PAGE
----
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Texas Gets a ‘Big Victory’ Against Biden’s Environmental Agenda in Federal Court

The State of Texas has blocked the Biden administration’s Clean Water Act rule in federal court, the state’s Attorney General Ken Paxton announced on Monday morning.

“Big victory against Biden: Last night a federal court blocked the Admin’s radical ‘waters of the US’ rule, which imposes a leftist environmental agenda on Texas, crushing new regs, and oppressive economic costs. I will always fight to keep Biden’s boots off the necks of Texans!” Paxton tweeted.

Attorney General Paxton had filed a complaint in January against the Environmental Protection Agency, as well as the U.S. Army Corps of Engineers, against the Biden administration’s revision of the “waters of the United States” rule.

“The Clean Water Act (“CWA”) requires federal permits to discharge pollutants into ‘navigable waters’,” the lawsuit  states. “‘Navigable waters,’  in turn, is defined to mean ‘the waters of the United States, including the territorial seas.’ Waters that do not fit into this definition are not within federal jurisdiction and may still be regulated by states and tribes.”

“By this challenge, the Plaintiffs assert that by amending the definition of ‘waters of the United States,’ as provided in the Final Rule, the Federal Agencies unconstitutionally and impermissibly expand their own authority beyond Congress’s delegation in the CWA— intruding into state sovereignty and the liberties of the states and their citizens,” the lawsuit continues. “The Final Rule also lacks clarity, leaving those wishing to identify the ambit of federal power over dry land or minor water features at the mercy of an expensive, vague, and arbitrary analysis, lest they face a staggering criminal or civil penalty.”

Paxton’s legal complaint cites the Supreme Court decision in Rapanos v. United States, which rejected the US Army Corps of Engineer’s “assertion of expanded authority over non-navigable, intrastate waters that are not significantly connected to navigable, interstate waters.”

On December 30, 2022, the EPA and Army Corps of Engineers announced the final “Revised Definition of ‘Waters of the United States'” rule. On January 18, 2023, the rule was published in the Federal Register; the rule was set to be effective on March 20, 2023.

The Federal Register cites the unanimous Supreme Court decision in United States v. Riverside Bayview Homes that purportedly acknowledged that Congress delegated a ‘‘breadth of federal
regulatory authority’’ in the Clean Water Act and expected the Environmental Protection Agency (EPA) and the Department of the Army to tackle the ‘‘inherent difficulties of defining precise bounds to regulable waters.’’

In December, the EPA and US Army made a joint announcement to justify the rule change.

“Today, the U.S. Environmental Protection Agency (EPA) and the U.S. Department of the Army (the agencies) announced a final rule establishing a durable definition of ‘waters of the United States’ (WOTUS) to reduce uncertainty from changing regulatory definitions, protect people’s health, and support economic opportunity,” the joint announcement said. “The final rule restores essential water protections that were in place prior to 2015 under the Clean Water Act for traditional navigable waters, the territorial seas, interstate waters, as well as upstream water resources that significantly affect those waters. As a result, this action will strengthen fundamental protections for waters that are sources of drinking water while supporting agriculture, local economies, and downstream communities.”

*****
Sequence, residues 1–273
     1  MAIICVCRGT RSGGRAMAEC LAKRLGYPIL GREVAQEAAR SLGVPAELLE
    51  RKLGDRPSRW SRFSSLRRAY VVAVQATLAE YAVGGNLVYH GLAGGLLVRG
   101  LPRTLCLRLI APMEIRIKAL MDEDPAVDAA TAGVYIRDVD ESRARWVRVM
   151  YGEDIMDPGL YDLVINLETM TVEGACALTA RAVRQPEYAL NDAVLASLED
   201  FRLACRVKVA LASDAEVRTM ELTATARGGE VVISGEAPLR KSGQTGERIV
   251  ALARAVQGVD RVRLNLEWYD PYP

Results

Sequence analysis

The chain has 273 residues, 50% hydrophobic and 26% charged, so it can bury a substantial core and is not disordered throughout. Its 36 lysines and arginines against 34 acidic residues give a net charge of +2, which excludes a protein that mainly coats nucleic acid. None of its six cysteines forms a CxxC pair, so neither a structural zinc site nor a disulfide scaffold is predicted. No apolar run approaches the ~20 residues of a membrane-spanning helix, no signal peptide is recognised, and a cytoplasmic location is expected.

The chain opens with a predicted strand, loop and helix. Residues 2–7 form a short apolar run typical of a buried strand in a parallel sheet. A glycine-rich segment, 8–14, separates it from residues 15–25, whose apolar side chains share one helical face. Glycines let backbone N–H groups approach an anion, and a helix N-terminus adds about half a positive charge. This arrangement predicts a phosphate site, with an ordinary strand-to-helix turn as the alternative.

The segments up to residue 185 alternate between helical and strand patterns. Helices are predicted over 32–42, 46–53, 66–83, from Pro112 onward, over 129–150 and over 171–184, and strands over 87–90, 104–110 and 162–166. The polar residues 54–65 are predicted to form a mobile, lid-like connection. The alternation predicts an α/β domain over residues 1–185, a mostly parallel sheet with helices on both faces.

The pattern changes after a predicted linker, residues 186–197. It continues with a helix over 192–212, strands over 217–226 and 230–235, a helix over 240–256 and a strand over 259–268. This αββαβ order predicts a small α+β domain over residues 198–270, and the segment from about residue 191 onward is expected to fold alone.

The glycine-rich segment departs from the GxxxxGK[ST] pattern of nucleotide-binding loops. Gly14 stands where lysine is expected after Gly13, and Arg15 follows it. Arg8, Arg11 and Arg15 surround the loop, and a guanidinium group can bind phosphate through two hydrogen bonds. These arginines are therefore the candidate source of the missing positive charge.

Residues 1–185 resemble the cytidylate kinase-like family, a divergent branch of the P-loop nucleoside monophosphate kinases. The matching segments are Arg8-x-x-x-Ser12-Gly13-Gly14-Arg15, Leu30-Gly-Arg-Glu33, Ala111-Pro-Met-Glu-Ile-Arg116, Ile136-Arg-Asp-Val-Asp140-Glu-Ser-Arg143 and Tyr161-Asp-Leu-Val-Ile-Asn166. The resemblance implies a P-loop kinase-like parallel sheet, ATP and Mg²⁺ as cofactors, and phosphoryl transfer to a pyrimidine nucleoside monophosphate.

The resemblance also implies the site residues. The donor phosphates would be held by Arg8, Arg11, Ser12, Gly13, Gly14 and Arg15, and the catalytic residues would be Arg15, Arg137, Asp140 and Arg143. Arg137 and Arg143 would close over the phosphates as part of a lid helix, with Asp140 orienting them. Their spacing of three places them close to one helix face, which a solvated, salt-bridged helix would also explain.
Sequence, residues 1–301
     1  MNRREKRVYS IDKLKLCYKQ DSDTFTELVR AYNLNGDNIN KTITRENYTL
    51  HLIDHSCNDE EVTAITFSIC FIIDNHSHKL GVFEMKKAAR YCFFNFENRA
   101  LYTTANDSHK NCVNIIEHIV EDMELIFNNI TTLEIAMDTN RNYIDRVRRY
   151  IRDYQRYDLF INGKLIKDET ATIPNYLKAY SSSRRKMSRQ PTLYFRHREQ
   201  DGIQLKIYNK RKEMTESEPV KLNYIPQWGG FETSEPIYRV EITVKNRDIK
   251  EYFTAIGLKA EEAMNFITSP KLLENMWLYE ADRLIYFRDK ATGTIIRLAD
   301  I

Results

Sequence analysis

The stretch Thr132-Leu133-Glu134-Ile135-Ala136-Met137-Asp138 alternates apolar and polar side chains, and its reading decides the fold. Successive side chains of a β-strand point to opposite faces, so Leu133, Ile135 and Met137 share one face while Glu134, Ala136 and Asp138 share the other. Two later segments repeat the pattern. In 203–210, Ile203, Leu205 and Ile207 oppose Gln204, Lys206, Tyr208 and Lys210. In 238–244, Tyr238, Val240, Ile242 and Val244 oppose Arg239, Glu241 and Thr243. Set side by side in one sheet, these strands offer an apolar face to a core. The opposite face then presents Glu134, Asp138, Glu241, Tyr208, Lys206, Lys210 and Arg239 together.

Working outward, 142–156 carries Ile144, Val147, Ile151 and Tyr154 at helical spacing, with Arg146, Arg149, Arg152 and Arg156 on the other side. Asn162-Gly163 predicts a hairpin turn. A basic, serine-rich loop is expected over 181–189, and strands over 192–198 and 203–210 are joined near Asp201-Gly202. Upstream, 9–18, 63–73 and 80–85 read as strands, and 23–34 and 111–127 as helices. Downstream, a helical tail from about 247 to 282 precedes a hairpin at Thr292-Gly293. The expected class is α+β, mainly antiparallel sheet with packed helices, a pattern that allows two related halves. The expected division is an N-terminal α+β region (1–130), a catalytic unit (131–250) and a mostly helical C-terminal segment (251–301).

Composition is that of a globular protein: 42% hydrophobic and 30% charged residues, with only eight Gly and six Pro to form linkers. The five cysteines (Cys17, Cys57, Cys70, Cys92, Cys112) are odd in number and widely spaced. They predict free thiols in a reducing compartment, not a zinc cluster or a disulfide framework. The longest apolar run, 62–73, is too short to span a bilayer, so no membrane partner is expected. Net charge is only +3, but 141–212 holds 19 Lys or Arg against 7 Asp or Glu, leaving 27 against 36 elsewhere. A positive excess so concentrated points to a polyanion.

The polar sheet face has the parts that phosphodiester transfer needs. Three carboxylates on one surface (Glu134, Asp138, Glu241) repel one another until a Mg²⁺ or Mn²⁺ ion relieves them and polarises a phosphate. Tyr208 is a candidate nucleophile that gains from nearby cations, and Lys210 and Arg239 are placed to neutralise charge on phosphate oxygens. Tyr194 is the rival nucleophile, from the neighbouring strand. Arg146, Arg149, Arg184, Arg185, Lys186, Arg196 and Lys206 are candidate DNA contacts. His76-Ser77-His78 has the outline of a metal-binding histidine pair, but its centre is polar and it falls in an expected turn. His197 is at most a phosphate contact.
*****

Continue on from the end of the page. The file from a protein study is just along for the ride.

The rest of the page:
“When Congress passed the Clean Water Act 50 years ago, it recognized that protecting our waters is essential to ensuring healthy communities and a thriving economy,” said EPA Administrator Michael S. Regan. “Following extensive stakeholder engagement, and building on what we’ve learned from previous rules, EPA is working to deliver a durable definition of WOTUS that safeguards our nation’s waters, strengthens economic opportunity, and protects people’s health while providing greater certainty for farmers, ranchers, and landowners.”

“This final rule recognizes the essential role of the nation’s water resources in communities across the nation,” said Assistant Secretary of the Army for Civil Works Michael L. Connor.“The rule’s clear and supportable definition of waters of the United States will allow for more efficient and effective implementation and provide the clarity long desired by farmers, industry, environmental organizations, and other stakeholders.”

Attorney General Paxton in a press release in February urging the court to issue a preliminary injunction argued the Clean Waters Act was being exploited to exert “federal control over states like Texas.”

“The environmental extremists who wrote this unlawful rule have no interest in respecting our sovereignty or our natural resources,” said Attorney General Paxton. “For this Administration, this isn’t about environmental protection—it’s about federal control over states like Texas, and we aren’t going to allow it. This rule is unlikely to survive our efforts to stop it permanently, and it is important that the court prevents the change in definition from going into effect until our case has been decided.”


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